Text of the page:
First published by the Penguin Group in 2014

ISBN number 978-0-718-17920-5

Paperback – 127 pages

Disclaimer: I was sent the book to review by Penguin Books South Africa. I was not required to write a positive review. This post is in line with my blogging policy.

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Recipe For Citrus Liqueur

Yesterday after shopping I came home in need of a drink! I purchased several items from my local store but found them more than 20% cheaper at their opposition, and so took them back for credit. One of the items was a probiotic and I was told by the ladies at the returns counter that they do not take back medication. There is no sign where I purchased the probiotics, nor was it indicated on my slip that I could not return them. The pharmacist came to explain to me that there is a sign at the pharmacy that states I may not bring back medication. I told her that as the vitamin section is not part of the pharmacy I did not see the sign. She said that the health section is part of the pharmacy. I then explained that I do not have to pay for vitamins, health supplements and various unscheduled medications at the pharmacy but I do have to pay for scheduled medication at the pharmacy, so how was I supposed to know they were part of the same section? Her response was to ask me “How would you like it if someone from Kyalitsha returned something and then you bought it?” Kyalitsha is an area inhabited by people mostly living in sub economic informal settlements and who are either Black or Coloured. Her assumption was because I am white, I cannot live in Kyalitsha. Sadly, poverty is colour blind and her comment was racist. She also assumed that people living in this area would tamper with medication and vitamins. Surely if this is the case, they could tamper with any edible product and return it? And frankly, area does not determine this type of behaviour and if the concern is that edible products might be tampered with then they should not take anything edible back. Once I pointed out to her that her assumption was offensive she became defensive and would not listen to my argument. I have been told by the store security that I may not write down prices to compare them and so buying them and then comparing them and then returning them if I can get them cheaper elsewhere is my only option. The more I rationalized why I should be allowed to return the items the more defensive she became, before eventually storming off as I was not leaving till I got my money back! Thankfully the store manager agreed with me and the refund was done, but the exacerbation levels were still high. Hence, the need for a drink! Which, by the way, I did not have. But had I had something to drink when I got home it would have been my citrus liqueur which I started making on the 18th of July and decanted on the 17th of September. It is not too sweet and does not have an alcoholic after taste and is, in my opinion, a great after shopping dinner drink.

Do you have a liqueur you like to drink after a meal?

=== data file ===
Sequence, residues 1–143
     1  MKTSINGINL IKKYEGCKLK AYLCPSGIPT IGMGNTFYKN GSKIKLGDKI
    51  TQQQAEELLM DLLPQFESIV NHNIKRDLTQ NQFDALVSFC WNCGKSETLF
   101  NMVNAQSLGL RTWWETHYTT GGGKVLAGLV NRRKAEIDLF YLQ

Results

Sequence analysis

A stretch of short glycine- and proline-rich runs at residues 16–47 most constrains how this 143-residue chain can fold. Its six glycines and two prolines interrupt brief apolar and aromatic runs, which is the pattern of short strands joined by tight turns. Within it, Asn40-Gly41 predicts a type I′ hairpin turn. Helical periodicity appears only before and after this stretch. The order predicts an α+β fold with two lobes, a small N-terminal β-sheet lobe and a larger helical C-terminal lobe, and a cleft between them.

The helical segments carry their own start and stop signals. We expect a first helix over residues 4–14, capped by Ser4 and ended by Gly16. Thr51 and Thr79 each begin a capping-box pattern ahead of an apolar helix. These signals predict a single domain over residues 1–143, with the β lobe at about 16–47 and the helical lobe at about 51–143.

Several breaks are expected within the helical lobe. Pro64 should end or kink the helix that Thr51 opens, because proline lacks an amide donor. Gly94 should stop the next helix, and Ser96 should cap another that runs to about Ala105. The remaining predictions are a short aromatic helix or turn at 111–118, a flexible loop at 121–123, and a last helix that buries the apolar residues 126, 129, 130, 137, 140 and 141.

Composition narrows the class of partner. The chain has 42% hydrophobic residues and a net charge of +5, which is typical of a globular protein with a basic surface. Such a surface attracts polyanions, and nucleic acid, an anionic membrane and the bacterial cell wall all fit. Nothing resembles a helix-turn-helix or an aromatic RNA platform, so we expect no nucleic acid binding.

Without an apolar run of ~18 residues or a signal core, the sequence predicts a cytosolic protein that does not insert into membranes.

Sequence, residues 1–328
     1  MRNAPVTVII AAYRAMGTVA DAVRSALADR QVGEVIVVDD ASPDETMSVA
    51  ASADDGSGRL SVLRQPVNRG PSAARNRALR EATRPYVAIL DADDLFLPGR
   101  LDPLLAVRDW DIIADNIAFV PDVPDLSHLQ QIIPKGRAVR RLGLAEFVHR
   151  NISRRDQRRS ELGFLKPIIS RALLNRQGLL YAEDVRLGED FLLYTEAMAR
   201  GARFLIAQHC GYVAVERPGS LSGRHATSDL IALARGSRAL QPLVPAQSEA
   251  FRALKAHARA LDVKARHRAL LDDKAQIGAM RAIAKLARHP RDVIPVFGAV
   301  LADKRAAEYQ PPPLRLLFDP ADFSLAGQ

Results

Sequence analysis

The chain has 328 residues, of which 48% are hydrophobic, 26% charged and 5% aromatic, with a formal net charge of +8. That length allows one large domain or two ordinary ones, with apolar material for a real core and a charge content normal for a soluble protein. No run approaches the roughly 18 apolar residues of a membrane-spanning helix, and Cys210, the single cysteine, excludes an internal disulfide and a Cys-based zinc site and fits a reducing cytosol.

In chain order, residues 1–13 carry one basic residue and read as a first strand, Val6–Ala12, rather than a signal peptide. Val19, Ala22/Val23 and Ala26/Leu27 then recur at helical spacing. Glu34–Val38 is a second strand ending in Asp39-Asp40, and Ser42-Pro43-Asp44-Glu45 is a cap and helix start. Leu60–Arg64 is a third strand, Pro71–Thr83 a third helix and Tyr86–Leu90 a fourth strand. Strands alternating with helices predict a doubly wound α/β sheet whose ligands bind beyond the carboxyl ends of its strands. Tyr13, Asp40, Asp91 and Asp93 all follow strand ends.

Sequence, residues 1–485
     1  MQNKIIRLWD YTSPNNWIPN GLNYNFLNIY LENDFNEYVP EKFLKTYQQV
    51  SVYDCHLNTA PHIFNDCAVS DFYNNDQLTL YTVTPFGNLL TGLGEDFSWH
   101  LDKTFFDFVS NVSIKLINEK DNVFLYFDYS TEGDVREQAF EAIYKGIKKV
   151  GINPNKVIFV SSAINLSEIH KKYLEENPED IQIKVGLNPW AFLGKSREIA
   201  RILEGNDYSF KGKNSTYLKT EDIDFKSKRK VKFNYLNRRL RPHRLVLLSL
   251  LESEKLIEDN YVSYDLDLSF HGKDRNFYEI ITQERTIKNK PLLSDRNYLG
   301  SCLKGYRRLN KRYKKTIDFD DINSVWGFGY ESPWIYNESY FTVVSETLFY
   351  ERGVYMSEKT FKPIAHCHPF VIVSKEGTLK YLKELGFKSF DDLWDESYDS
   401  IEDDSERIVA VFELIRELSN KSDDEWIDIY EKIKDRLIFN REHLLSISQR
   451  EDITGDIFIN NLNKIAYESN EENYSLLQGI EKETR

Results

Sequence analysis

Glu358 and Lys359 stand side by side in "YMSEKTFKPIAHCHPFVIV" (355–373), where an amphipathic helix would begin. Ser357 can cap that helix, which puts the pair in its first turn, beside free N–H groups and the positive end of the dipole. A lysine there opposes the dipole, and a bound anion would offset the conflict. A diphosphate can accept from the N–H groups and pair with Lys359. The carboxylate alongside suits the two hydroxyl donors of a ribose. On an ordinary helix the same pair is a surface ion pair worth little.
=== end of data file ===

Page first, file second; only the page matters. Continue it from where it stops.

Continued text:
Citrus Liqueur During Fermentation Recipe For Citrus Liqueur

Citrus Liqueur During Fermentation

 

5.0 from 1 reviews
Citrus Liqueur
 
In just 2 months you can have a not too sweet and not too alcoholic after dinner drink to enjoy.
ALL RIGHTS RESERVED:
Ingredients
  • 5 oranges, tangerines, or any sweet citrus fruit of your choice, washed
  • 375g sugar - I used fructose
  • 1 stalk lemongrass, slightly bruised
  • 1 stalk rosemary
  • 750mls Brandy
Method
  1. Zest the fruit and set the zest aside
  2. Juice the fruit and place the juice into a large jar
  3. Add the sugar and stir until it dissolved
  4. Add the zest, the lemongrass and the rosemary
  5. Add the Brandy and stir
  6. Put the lid on the jar and leave to macerate for 2 months
  7. Strain through a coffee filter into a sterilized glass bottle
  8. Seal and store in a cool place
  9. Enjoy!

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Citrus Liqueur Recipe For Citrus Liqueur

Citrus Liqueur

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Recipe For Labneh

In June I received my issue of Taste Magazine. I have subscribed for 11 years and was debating whether or not to cancel my subscription as I only really read the magazine for my friend Sam Woulidge’s column. However, when I found the recipe for Labneh on page 54 I decided I would renew my subscription as finally I had a recipe to try! Well, the recipe for labneh proved to be easy, but renewing my subscription was not! I clicked on the link to renew my subscription by paying with a credit card and it was not until my statement had arrived and the next issue of the magazine had not arrived did I see that the charge had not gone off my card. For some reason, the charge was declined – and this had nothing to do with there not being enough credit available. I tried again to make the payment with my credit card – and I used all four to no avail, each one being declined. It seems as if RNA had some issue and so I gave up. But, I did not give in! I decided to call on the lovely team at Taste Magazine to see if they could help me. They did not know how to resolve the issue with regard to credit card payments, but they made sure I would receive the next 11 issues of the magazine by gifting them to me. I have just collected the 100th issue – well done Taste team on such a fantastic achievement, and such a wonderful gift.